Management of the system devices is handled by the UCS Manager software integrated with fabric interconnects.[12] Virtual machines can be moved from one physical chassis to another, applications may be moved between virtual machines, and management may even be conducted remotely from an iPhone using SiMU - Simple iPhone Management of UCS. In addition to the embedded software, administrators may also manage the system from VMware's vSphere. The Cisco Integrated Management Controller (CIMC) is used to configure and manage C-Series servers not connected to a manager. The CIMC can also be used to manage B-series blades in addition to the UCS Manager application if configured.

In November 2012, Cisco announced UCS Central which extends management across multiple domains of UCS,[13] and then something called UCS Director. A security flaw in UCS Central was disclosed when it was patched in 2016.[14]

Many configuration details are set up on the UCS manager in a service profile and applied to the servers. Cisco offers a UCSM Platform Emulator, where the full logical configuration of a server can be created from the user interface or the API methods, and later applied to the physical hardware.

References[edit]

  1. ^ "Cisco Unleashes the Power of Virtualization with Industry's First Unified Computing System". Press release. March 16, 2009. Archived from the original on March 21, 2009. Retrieved March 27, 2017. 
  2. ^ a b "Tutor Perini Deploys Cisco's Unified Computing System for Data Center Consolidation". Press release. September 1, 2009. Archived from the original on September 7, 2009. Retrieved March 27, 2017.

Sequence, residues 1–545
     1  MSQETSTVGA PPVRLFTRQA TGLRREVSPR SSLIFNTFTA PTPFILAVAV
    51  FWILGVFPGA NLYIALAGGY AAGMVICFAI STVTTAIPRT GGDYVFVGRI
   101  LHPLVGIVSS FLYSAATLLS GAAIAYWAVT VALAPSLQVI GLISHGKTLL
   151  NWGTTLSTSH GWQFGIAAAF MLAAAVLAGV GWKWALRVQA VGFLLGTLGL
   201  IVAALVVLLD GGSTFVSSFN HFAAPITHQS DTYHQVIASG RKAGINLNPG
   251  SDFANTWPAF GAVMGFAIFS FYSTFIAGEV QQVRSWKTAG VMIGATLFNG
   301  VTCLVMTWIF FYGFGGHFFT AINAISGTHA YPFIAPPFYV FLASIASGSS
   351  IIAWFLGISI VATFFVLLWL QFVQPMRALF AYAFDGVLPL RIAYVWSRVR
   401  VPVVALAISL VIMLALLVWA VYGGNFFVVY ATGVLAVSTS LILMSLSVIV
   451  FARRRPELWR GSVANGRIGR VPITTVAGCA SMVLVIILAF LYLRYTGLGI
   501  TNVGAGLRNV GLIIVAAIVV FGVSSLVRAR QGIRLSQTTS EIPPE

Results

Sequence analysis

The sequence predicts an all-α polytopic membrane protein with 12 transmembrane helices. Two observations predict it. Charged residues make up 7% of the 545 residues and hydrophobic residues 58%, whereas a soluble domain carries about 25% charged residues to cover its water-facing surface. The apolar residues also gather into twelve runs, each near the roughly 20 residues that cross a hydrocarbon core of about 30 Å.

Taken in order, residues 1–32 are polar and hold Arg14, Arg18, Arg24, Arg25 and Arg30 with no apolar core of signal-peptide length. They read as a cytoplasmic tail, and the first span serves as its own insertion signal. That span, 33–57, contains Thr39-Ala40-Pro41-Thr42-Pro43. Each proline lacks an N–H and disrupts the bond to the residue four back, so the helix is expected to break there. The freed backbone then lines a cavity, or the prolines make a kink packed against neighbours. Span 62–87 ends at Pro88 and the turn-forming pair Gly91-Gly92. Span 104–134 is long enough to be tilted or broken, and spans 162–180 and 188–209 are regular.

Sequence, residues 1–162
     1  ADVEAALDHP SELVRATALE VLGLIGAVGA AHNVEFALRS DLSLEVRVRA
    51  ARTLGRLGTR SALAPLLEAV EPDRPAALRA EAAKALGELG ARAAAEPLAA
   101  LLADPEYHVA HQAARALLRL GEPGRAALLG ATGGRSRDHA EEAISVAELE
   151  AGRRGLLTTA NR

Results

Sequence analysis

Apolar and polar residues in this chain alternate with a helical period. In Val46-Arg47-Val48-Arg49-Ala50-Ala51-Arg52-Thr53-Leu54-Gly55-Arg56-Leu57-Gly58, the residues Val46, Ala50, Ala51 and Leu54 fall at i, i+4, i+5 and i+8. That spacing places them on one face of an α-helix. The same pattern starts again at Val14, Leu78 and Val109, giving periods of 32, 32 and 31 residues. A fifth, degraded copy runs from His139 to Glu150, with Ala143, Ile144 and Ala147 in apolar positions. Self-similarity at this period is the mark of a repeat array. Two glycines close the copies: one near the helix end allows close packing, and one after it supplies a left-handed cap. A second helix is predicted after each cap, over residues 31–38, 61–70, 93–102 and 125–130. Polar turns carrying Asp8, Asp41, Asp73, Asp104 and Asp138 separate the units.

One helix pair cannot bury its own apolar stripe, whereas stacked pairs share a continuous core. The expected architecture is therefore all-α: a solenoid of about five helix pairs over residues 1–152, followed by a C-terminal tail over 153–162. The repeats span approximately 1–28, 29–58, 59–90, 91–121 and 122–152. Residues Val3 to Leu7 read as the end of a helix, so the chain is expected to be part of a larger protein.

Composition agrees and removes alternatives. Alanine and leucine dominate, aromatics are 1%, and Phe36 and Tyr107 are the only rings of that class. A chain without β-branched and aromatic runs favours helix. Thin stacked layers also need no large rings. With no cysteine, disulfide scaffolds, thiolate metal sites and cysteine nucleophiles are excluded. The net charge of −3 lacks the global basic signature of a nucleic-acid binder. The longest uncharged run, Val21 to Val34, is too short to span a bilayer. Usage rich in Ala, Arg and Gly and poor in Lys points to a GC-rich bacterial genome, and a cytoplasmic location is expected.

3. ^ Cisco Product Data Sheet
  4. ^ a b Timothy Prickett Morgan (June 13, 2011). "Cisco gooses switching, virtual I/O for blades: Servers not yet crossing Sandy Bridge". The Register. Retrieved March 27, 2017. 
  5. ^ "Cisco Unified Computing System Extended Memory Technology" (PDF). Cisco Systems. February 24, 2010. Retrieved January 13, 2014. 
  6. ^ Even Solberg (April 27, 2009). "Unified Computing Technical Background" (PDF). Retrieved January 13, 2014. 
  7. ^ Chris Mellor (September 4, 2014). "Blade runner: Cisco ups its UCS server game: Broadens range's appeal to ROBO, clouderati". The Register. Retrieved March 27, 2017. 
  8. ^ Shaun Nichols (June 3, 2016). "Cisco axes unloved M-Series modular servers two years after launch: Nobody wants modules any more, admits Switchzilla". The Register. Retrieved March 27, 2017. 
  9. ^ Nathan Eddy (October 18, 2012). "Cisco, Citrix Extend Partnership on Networking, Cloud, Mobility". e Week. Retrieved March 27, 2017. 
  10. ^ "Cisco and Docker Team to Modernize Cloud and Data Center Application Environments". 2017-03-02. Retrieved 2018-04-30. 
  11. ^ Archie Hendryx Hendryx (March 19, 2012). "Cisco UCS – Undisputed Computing Success". The SANMAN by ZDNet. Retrieved March 27, 2017. 
  12. ^ Ranjit Nayak (September 17, 2013). "Cisco UCS Management". Promotional blog. Archived from the original on October 1, 2015. Retrieved March 27, 2017. 
  13. ^ Timothy Prickett Morgan (November 1, 2012). "Cisco stretches UCS uber-control-freak across larger clouds: How's 10,000 nodes grab ya?". The Register. Retrieved March 27, 2017. 
  14. ^ Shaun Nichols (April 13, 2016). "How to make Cisco UCS servers roll over and obey: Send a HTTP poke". The Register. Retrieved March 27, 2017. 

External links[edit]